From my window I can see the narrow house across the street decorated with a single strand of icicle lights loosely hung from the eave. One at a time, the icicles “drip” with light. It’s slow and melancholy, the visual equivalent of one of those sad Christmas carols about hardship or longing.
It’s kitsch, but I love it and look each evening to see if they have turned it on. I don’t know them, but I know they’re there, and that they’re offering something back to Toronto.
As the nights get longer we feel compelled to fight against the darkness with light. As late November rolls into December, Christmas lights begin to appear on porches and in windows like warm little flames. Never mind the shops that started decorating too early; the domestic displays are signs of life and individual acts of creativity.
There are hundreds of thousands of amateur lighting designers in action across the city whose decisions have determined how our streets look. Are the lights clipped to the eaves in a perfectly straight line like a laser beam of festive cheer, or do they hang from hooks, crooked and ever so slightly haphazard, like a lovable person who’s always in slight disarray?
There are folks who take this job very seriously and go all out, like the wee house with its postage stamp lawn on Brock Ave., two blocks south of Dundas St., that’s entirely covered in Christmas ornamentation. Lights, wreaths, Santas, snowmen, bells, polar bears and an entire menagerie of other electrified animals and characters. I think they must have a second house to store it all in and their hydrometer must spin like a top.
Another house by the corner of Indian Grove and Glenlake Ave. in the Junction neighbourhood is covered in LED lights that are programmed with elaborate patterns worthy of a discotheque. There’s even a sign out front with an FM radio frequency so you can tune in to hear an accompanying soundtrack.
A few blocks east along Glenlake Ave. at Dorval Rd., a large house is covered in lights and the yard even includes a recreated Christmas tree lot, as if their lawn is a stage for a Christmas pantomime.
These are the superstars that get all the attention and Instagram snaps, but don’t overlook the humbler displays. I’m particular fond of the single string of lights that might run down a handrail and out onto a bush, or a window lit up with blinking lights on the third floor of a house, or a balcony shining high in the sky. All of them are public gestures.
For those driving at night on Hwy. 401 away from Toronto for the holidays, perhaps while it’s snowing, a house lit up in the countryside is a welcome sign, too, on a lonely drive.
When we were young and being transported in the back seat of our parents’ car around Windsor, Ont., my sister and I would rate the displays. “There’s a 6” or “That’s a 10.” I still do that in my head, though I’m more generous with my ratings.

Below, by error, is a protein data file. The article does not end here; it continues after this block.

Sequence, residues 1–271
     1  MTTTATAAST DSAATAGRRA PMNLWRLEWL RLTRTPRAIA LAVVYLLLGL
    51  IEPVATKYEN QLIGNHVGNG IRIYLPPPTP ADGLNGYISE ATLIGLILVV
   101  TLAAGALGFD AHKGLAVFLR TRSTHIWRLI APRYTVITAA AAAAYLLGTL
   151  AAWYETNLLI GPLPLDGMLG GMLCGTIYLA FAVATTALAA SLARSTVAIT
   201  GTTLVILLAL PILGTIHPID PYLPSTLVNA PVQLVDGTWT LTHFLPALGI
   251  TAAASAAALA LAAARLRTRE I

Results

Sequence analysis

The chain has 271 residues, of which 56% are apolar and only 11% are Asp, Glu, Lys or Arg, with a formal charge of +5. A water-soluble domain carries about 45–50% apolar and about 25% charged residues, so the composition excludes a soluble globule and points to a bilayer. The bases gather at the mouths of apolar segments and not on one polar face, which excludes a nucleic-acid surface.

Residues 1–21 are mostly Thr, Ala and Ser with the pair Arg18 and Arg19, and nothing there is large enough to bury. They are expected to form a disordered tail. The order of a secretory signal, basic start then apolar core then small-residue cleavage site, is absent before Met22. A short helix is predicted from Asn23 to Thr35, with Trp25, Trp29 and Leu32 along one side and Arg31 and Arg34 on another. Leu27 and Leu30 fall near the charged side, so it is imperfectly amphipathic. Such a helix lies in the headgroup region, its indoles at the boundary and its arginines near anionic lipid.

Living in Toronto, I see things mostly on foot now. Speeding by in a car it’s a bit of a blur: a highlighted roofline, a sense of depth if there are lights on trees around a yard, and perhaps a glimpse of those ever-present inflatables that are around today.
On foot you see all the finer details you might otherwise miss. You can also hear the whirl of fans from the inflatables, perhaps breaking the winter wonderland illusion ever so slightly. There are views inside, too, as curtains are left parted to show off a decorated tree, so our gaze is invited into homes for a moment.
Technology has changed things. Now you can buy lights you can control with an app on your phone. There are those ready-made icicle strands that go up fast, and light nettings you can instantly wrap a tree with.
Maybe I’m nostalgic for my own childhood Christmas displays, but the houses that use the simplest materials, lights on a string, get the highest ratings in my mind. They’re artisanal, handmade rather than simply purchased. Like the basic Lego sets that were little more than multicoloured bricks, they’re the ones that allow for the most creative freedom.
Some people hire cherry pickers to do entire trees, while others will put lights just where they can reach. Much respect to those who went up precarious ladders to reach the highest peaks on their houses. All of it, even those inflatables, is appreciated.
The city is at its brightest this week, especially on Christmas Eve. Soon we’ll plunge into the January darkness, so don’t rush to take down your lights. If they’re efficient LEDs, maybe keep them up a little too long.
It’s your gift to the city.
Shawn Micallef is a Toronto-based writer and a freelance contributor for the Star. Follow him on Twitter: @shawnmicallef